I recently got a "Out of shared memory - You might need to increase max_locks_per_transaction" error.

This is a long running process where I import a bunch of CSV files after proper processing. I loop through them and open a transaction for each file, process it and then when I'm done with the file, close the transaction and move to the next file.

These files are not big, the biggest clocking in at around 12K lines.

The processing I do, as far as PG is concerned, amounts to doing a few SELECTs (a couple per line, no joins or anything) and then an UPDATE of one existing row (at most one per line).

The problem is, pg_locks fills up with transactions that have no relation, are of type transactionid and have a mode of ExclusiveLock. I got as many as 20K rows like that in pg_locks and, besides the ones that, as expected, refer ti the two tables I'm using, an overwhelming majority looks like this (sorry, the indentation will be screwed up, I'm posting a link to pastebin too):

"locktype" "database" "relation" "page" "tuple" "virtualxid" "transactionid" "classid" "objid" "objsubid" "virtualtransaction" "pid" "mode" "granted" "fastpath"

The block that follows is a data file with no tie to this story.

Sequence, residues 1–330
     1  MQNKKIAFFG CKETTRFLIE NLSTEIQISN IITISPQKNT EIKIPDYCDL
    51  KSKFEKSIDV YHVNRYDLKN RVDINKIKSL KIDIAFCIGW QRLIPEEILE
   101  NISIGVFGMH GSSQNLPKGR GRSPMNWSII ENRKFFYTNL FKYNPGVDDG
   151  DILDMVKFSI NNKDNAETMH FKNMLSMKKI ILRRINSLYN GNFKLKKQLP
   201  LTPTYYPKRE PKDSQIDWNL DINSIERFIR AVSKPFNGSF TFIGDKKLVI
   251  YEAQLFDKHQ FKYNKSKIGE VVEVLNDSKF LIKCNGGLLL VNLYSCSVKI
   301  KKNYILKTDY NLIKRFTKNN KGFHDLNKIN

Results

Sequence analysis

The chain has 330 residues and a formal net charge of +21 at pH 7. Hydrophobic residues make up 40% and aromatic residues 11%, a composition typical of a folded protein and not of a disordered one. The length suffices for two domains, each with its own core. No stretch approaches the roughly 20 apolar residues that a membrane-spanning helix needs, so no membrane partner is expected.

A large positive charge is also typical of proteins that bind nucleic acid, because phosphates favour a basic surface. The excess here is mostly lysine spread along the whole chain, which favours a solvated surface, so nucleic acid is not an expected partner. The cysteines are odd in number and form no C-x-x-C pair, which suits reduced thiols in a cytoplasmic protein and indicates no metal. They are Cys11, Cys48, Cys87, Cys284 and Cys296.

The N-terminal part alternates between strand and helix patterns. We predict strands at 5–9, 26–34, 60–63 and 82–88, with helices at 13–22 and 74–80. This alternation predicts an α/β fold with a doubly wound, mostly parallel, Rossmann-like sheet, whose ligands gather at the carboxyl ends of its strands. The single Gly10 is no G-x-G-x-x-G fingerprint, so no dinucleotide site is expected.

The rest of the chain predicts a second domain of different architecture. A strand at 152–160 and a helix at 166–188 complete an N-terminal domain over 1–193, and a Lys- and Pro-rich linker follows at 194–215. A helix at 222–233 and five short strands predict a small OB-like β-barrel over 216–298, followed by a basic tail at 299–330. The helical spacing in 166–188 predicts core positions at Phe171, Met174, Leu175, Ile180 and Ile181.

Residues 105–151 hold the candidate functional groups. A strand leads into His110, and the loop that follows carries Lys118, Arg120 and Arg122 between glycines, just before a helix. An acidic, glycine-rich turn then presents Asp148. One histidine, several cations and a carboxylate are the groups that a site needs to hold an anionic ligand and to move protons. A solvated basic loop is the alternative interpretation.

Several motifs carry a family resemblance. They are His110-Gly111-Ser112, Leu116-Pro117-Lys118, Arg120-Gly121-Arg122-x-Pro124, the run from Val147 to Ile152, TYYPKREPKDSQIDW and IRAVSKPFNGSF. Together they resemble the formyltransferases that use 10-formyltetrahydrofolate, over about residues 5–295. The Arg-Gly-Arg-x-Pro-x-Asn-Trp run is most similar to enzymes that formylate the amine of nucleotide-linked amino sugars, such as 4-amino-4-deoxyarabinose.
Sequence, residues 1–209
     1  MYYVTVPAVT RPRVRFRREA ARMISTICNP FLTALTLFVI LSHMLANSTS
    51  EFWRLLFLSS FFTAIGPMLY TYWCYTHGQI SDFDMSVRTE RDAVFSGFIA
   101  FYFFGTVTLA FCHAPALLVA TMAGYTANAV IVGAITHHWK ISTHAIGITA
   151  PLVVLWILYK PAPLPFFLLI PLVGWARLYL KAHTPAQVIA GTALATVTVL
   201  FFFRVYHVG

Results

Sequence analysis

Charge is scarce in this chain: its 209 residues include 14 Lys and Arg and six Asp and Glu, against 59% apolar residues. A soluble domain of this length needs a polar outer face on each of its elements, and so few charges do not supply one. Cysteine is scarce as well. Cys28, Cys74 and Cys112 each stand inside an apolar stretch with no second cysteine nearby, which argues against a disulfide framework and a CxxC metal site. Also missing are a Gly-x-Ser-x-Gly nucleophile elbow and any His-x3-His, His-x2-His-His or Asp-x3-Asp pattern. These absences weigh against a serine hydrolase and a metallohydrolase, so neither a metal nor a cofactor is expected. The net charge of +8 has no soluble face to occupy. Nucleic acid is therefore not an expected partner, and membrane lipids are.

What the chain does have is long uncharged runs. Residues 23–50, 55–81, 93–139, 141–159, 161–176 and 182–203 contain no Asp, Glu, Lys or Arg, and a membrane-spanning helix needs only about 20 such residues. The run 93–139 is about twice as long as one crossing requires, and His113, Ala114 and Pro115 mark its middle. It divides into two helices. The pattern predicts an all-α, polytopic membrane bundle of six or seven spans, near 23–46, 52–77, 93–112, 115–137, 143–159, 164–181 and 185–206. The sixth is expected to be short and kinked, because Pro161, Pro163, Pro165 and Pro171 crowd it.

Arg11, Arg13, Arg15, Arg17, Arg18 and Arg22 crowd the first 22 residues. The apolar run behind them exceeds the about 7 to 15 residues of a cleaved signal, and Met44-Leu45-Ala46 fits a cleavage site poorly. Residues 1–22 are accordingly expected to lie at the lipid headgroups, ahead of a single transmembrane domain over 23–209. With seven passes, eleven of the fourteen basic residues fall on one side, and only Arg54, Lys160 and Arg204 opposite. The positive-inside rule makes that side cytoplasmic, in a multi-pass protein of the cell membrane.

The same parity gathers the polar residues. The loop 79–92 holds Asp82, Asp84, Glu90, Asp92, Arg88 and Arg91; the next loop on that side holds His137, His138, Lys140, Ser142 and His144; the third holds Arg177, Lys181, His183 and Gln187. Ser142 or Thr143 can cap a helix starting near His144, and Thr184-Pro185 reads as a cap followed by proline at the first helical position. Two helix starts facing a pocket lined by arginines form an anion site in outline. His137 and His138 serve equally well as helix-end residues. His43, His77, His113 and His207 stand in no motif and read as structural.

"virtualxid" "" "" "" "" "11/18291" "" "" "" "" "11/18291" "6308" "ExclusiveLock" "t" "t"
"transactionid" "" "" "" "" "" "61840165" "" "" "" "11/18291" "6308" "ExclusiveLock" "t" "f"
"transactionid" "" "" "" "" "" "61843843" "" "" "" "11/18291" "6308" "ExclusiveLock" "t" "f"
"transactionid" "" "" "" "" "" "61833173" "" "" "" "11/18291" "6308" "ExclusiveLock" "t" "f"
"transactionid" "" "" "" "" "" "61835511" "" "" "" "11/18291" "6308" "ExclusiveLock" "t" "f"
"transactionid" "" "" "" "" "" "61846000" "" "" "" "11/18291" "6308" "ExclusiveLock" "t" "f"
"transactionid" "" "" "" "" "" "61838308" "" "" "" "11/18291" "6308" "ExclusiveLock" "t" "f"
"transactionid" "" "" "" "" "" "61832936" "" "" "" "11/18291" "6308" "ExclusiveLock" "t" "f"


Basically, none of those records have either a database or a relation, only a transaction id.

The only different row is the first one, which I take as coming from the transaction acquiring a lock on itself.

All the locks are being acquired by the same connection, and apparently only when executing the UPDATE, which really is no harder than

UPDATE t SET foo = COALESCE(foo, 0) + 23.4 WHERE bar = 'hey' and baz = 'ho'

and can affect at most one row.